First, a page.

...My arms, pale hocks
of heave, my body, a sieve
to its endlessness. I ground
my childhood against the crack
and gave of potato chips,
their salt thrill and oil, ate
meat with my hands, fork
a useless superlative against
its sweetly feral smell. Using
my fingers to dig into cake plates,
and cereal bowls, I would
throat the refuse with a relish
almost sexual. My aunt finally
told my mother—though the
slice of flesh between my legs
would not be palatable for years—
do you want that girl raped?
Look at her. You made her
body. Now own it. Tell her.

The third section is a single lyric poem, "To Speak of Dahlias," a poem composed and presented for a collaboration with artist Laura Smith and the title of Henning's first chapbook (Finishing Line Press, 2012). The poem uses repetition and anaphora to investigate what the speaker's "left with." It begins:

And at the end
there were dahlias
covered over with boards,
one window choked
with light.

This stanza demonstrates the tension of the collection; the hope the light provides and the violence with which the window is "choked." I trust the tenderness of paradoxes like this one and later:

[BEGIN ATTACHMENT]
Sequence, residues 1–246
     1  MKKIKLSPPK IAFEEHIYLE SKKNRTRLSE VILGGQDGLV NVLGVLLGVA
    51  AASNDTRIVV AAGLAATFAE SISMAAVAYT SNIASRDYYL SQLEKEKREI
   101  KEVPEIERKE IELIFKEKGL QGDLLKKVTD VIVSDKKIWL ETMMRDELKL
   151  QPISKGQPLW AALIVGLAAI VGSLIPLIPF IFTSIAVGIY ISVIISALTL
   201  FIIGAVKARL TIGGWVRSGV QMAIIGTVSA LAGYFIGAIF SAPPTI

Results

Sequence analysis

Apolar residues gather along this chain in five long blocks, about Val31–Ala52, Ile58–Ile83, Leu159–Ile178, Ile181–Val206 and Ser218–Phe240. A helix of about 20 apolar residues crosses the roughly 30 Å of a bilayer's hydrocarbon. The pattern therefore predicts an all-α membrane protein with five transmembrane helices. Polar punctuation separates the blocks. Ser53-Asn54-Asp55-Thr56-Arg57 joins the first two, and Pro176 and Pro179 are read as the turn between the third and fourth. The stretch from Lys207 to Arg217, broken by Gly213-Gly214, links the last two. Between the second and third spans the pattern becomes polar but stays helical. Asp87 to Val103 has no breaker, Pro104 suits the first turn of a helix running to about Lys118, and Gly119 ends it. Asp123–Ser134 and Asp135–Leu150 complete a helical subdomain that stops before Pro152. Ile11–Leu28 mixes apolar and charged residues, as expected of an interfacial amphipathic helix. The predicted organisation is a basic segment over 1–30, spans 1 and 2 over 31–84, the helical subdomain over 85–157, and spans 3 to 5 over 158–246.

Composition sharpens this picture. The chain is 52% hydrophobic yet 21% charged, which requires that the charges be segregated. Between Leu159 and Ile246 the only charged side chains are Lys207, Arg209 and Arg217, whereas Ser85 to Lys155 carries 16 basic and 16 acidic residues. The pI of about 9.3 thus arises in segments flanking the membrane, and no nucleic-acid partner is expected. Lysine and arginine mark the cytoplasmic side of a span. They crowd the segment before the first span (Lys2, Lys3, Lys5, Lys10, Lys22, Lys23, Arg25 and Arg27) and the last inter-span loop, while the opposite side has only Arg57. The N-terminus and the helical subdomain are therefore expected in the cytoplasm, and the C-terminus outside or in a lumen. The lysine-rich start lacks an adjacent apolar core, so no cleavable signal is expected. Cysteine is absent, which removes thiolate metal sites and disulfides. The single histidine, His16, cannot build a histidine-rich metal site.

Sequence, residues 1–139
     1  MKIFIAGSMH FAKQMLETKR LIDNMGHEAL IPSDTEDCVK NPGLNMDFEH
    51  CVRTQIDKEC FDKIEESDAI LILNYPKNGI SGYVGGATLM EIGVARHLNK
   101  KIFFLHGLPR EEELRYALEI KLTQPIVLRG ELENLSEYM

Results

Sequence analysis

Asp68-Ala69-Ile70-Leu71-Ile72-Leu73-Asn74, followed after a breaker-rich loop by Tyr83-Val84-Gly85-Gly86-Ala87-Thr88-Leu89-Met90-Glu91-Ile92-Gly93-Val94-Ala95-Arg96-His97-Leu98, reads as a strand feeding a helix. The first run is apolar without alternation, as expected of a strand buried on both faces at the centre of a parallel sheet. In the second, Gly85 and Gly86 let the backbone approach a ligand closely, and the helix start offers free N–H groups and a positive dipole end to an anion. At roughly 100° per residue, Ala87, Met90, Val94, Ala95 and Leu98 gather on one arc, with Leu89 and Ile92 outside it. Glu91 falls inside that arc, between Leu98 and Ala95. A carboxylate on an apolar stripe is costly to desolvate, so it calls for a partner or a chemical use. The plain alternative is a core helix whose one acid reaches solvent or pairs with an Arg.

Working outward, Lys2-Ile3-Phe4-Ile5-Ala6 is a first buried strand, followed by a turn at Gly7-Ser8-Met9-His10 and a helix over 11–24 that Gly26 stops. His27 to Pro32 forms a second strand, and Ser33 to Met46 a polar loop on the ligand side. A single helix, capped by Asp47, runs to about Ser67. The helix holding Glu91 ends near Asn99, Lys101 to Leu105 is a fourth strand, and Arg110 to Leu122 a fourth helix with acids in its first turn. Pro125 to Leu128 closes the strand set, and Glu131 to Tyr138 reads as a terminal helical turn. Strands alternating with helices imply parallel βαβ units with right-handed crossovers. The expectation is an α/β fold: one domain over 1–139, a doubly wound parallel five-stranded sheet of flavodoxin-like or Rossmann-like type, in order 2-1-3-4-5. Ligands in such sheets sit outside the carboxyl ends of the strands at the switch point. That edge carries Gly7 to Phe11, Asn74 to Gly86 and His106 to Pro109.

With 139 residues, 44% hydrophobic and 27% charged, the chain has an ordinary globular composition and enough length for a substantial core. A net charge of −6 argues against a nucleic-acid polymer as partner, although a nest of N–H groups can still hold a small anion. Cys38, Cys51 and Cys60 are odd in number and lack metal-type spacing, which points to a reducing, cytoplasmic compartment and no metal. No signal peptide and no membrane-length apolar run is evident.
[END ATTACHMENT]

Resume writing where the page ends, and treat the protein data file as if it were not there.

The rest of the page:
This autumn, I tested
each river I passed
with things made
more beautiful by dirt—

After an interlude with the speaker's mother and her father, the speaker's father reappears:

My father climbs
the heaven-studded boundary
of his skin and my body
like stairs of my childhood,
rye-grass staining
the knees of jeans, juniper gardens
camouflaging rocks.

After this reappearance, the speaker repeats the imperative, "Leave me" as if insisting on her own freedom. The collection ends with the speaker calling herself "a rootless thing" looking at "dahlias, / deluges, ladder to nowhere / but the sky." If this speaker can look onward and upward, there's hope for the rest of us.

Henning has filtered the traumatic and hopeful, just as promised, and has made A Sweeter Water, an elixir to a steadfast reader. There are times I want to look away, to skip over, or to skim; the prose poem, "How We Love," for example is a hard read: "Last summer in Illinois, a woman was found under a pile of trash, her animals eating what was left of her. Neighbors said when her husband died, she stopped letting go of what passed through her hands." Henning uses reason to explore something awful until it becomes awesome. This poet didn't skimp; she stares the down the aperture of what she knows and sings.

You can purchase A Sweeter Water here.

Nicole Tong is the recipient of a Dorothy Rosenberg Prize and fellowships from George Mason University and the Vermont Studio Center. Her writing has been published in American Book Review, Cortland Review, Yalobusha Review, and others. Finishing Line Press will publish her chapbook MY MINE in 2015. She lives and teaches college-level English in Northern Virginia. Read more of her work at